"¢ Beer. It has its own bowl, it has its own hat, and it has more flavors and uses than one can hardly dare imagine. (Thanks as always to Jan from ATL, who keeps me in business)

"¢ Obligatory mention of the "I Read Mental Floss" Facebook group.

"¢ Whoa whoa whoa ... (1) there was a Gladiators 2000 (which apparently I missed) and (2) Ryan Seacrest was involved? (via TVTattle)

"¢ There's something about this video Lisa sent in that is haunting and poignant (be sure to turn up your speakers!) even though it involves a chocolate easter bunny.

"¢ Everyone enjoys good satire, and Jane from New Jersey has reminded us of our favorite de-motivational site, Their BitterSweets are perfect for anyone who thinks being happy is overrated.

"¢ What does your phone number spell? This site sent in by Breann from IL might help you figure out a snazzy way for people to remember your digits. Part of a number I tried came out "Me-4-Me," which sounds like a vanity plate. Moreover, I should be wary that T.O. might be looking to trademark it.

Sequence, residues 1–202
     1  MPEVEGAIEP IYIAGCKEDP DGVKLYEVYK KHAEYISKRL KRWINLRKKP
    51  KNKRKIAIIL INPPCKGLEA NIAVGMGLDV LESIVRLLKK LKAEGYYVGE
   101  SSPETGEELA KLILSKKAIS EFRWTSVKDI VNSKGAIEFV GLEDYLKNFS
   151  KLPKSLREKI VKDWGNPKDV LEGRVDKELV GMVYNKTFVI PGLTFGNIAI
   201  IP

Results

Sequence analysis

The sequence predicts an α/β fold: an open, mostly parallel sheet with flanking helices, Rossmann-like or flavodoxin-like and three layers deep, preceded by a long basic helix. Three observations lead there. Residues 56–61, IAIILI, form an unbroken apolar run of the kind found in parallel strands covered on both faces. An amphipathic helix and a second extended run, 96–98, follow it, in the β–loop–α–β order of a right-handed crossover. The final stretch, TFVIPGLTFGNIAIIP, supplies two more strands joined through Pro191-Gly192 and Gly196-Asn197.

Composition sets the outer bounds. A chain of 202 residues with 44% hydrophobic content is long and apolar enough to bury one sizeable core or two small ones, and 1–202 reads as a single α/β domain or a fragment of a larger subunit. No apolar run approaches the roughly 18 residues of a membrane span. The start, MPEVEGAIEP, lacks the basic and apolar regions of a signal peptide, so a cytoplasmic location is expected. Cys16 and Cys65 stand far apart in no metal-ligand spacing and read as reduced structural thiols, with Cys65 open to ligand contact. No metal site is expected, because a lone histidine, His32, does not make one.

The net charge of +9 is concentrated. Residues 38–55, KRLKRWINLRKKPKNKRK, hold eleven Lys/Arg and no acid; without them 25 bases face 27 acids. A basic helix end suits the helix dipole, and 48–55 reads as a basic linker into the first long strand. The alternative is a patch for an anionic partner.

"¢ And in the 'reader photo of the week' department, let's celebrate the work of parkesmj, who submitted these photos from New Zealand:



If you're a Flickr user, simply tag your pics you'd like us to consider "flossphotos." And stay tuned for Ransom's next project with his freelance photographer army.

"¢ And please keep sending me links! To make it worth your while, the 1st and 20th people to send me something flossy win free mental_floss t-shirts. (

[Last Weekend's Links]

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iStock // Ekaterina Minaeva
Man Buys Two Metric Tons of LEGO Bricks; Sorts Them Via Machine Learning
May 21, 2017
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iStock // Ekaterina Minaeva